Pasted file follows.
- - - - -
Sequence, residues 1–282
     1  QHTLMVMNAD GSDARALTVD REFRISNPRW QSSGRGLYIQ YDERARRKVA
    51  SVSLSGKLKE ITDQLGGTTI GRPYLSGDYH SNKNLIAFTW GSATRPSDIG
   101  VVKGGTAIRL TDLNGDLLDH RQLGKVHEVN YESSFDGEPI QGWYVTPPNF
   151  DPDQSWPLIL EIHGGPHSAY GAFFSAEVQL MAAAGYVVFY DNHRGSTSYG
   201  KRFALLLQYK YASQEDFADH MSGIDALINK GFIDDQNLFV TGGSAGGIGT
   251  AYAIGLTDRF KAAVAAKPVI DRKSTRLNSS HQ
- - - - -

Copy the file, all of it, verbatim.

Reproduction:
Sequence, residues 1–282
     1  QHTLMVMNAD GSDARALTVD REFRISNPRW QSSGRGLYIQ YDERARRKVA
    51  SVSLSGKLKE ITDQLGGTTI GRPYLSGDYH SNKNLIAFTW GSATRPSDIG
   101  VVKGGTAIRL TDLNGDLLDH RQLGKVHEVN YESSFDGEPI QGWYVTPPNF
   151  DPDQSWPLIL EIHGGPHSAY GAFFSAEVQL MAAAGYVVFY DNHRGSTSYG
   201  KRFALLLQYK YASQEDFADH MSGIDALINK GFIDDQNLFV TGGSAGGIGT
   251  AYAIGLTDRF KAAVAAKPVI DRKSTRLNSS HQ